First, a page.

overthinking a plate of house mice.
August 18, 2012 5:22 AM   Subscribe

Mousefilter: a house mouse got its back half stuck in a box fan last night. We heard it squeaking and rescued it (and I got nipped). Nurse line tells us to keep the mouse, just in case, and page our doctor. We did. This morning, when we came out, it was on its back and non-responsive, but still breathing. What do we do?

Both on a health level and I guess a humane animal treatment level. Do we try to put the mouse out of its misery? If so, how?

Mouse facts:

- the mouse's tail looked badly bruised last night. This morning, it's hard to tell, but it looks like it's snapped in half. No other visible injuries.
- the back half of the body is really big, almost swollen. I thought it was pregnancy originally (definitely female), but maybe it was internal injuries?
- we put it in a big glass vase that we have together with a plastic container it could hide under, plus a little food, but no water
- it was moving around fine after capture, but became more lethargic as the evening went on.

Me facts:

- I washed the two places where the mouse drew blood thoroughly with soap, then soap and water, and put bandaids on 'em.
- we called the nurse line. The nurse line said to keep the mouse and page our doctor since it was late Friday night. We did. She didn't call back. It's a busy urban practice, and yeah, I can't even feel the nips this morning.
- I'm current on my tetanus boosters. (I think. Four years ago?)
- The disease/animal control website for our city says that mice almost never carry rabies and are not known to cause rabies in the US.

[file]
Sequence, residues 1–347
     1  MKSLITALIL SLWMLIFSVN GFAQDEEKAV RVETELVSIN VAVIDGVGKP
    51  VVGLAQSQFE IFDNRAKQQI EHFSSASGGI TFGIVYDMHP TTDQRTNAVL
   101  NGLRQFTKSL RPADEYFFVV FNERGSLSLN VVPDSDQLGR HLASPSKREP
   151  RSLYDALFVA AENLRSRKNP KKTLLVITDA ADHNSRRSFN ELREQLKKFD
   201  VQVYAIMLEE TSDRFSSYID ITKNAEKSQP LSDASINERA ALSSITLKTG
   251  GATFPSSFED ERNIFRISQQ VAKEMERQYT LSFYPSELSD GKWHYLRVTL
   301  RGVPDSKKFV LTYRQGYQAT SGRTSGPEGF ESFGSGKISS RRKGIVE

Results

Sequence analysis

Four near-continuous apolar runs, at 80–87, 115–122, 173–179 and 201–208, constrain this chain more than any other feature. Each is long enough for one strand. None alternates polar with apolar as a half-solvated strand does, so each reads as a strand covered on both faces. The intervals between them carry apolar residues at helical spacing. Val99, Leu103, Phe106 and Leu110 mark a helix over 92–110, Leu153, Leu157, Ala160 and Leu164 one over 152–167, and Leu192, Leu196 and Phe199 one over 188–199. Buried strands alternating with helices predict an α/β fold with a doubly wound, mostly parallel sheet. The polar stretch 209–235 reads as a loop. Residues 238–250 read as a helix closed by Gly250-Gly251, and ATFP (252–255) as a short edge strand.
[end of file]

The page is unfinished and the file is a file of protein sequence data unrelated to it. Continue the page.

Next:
posted by joyceanmachine to Health & Fitness (19 answers total) 1 user marked this as a favorite
You IMMEDIATELY have it sent to a lab and tested for rabies. You absolutely do NOT wait to do this.

On the bright side, rodents actually don't tend to carry rabies very often, so pretty low risk, overall. But you don't screw around with untreatable fatal diseases.
posted by pla at 5:36 AM on August 18, 2012 [6 favorites]

The mouse:

Wait, what is your goal here? I don't understand. You aren't seriously considering getting medical treatment for a wild mouse, are you? If it's non-responsive, it's going to die soon anyway. So, euthanize the poor thing and be done with it.


The CDC basically says to contact your local health department, and they should be able to advise you. They also note that a wild animal will be euthanized and then tested for rabies, so this mouse is basically toast in any situation.

The CDC also says "Small rodents (like squirrels, hamsters, guinea pigs, gerbils, chipmunks, rats, and mice) and lagomorphs including rabbits and hares are almost never found to be infected with rabies and have not been known to transmit rabies to humans."

Personally, I'd put it in a bag in the freezer to kill it, then move it to the fridge to preserve the body. Then I'd call the health department when they're next open to see if they wanted it. pla mentions sending it to a lab immediately. You can probably have that done somewhere quickly, but you'll be paying for it.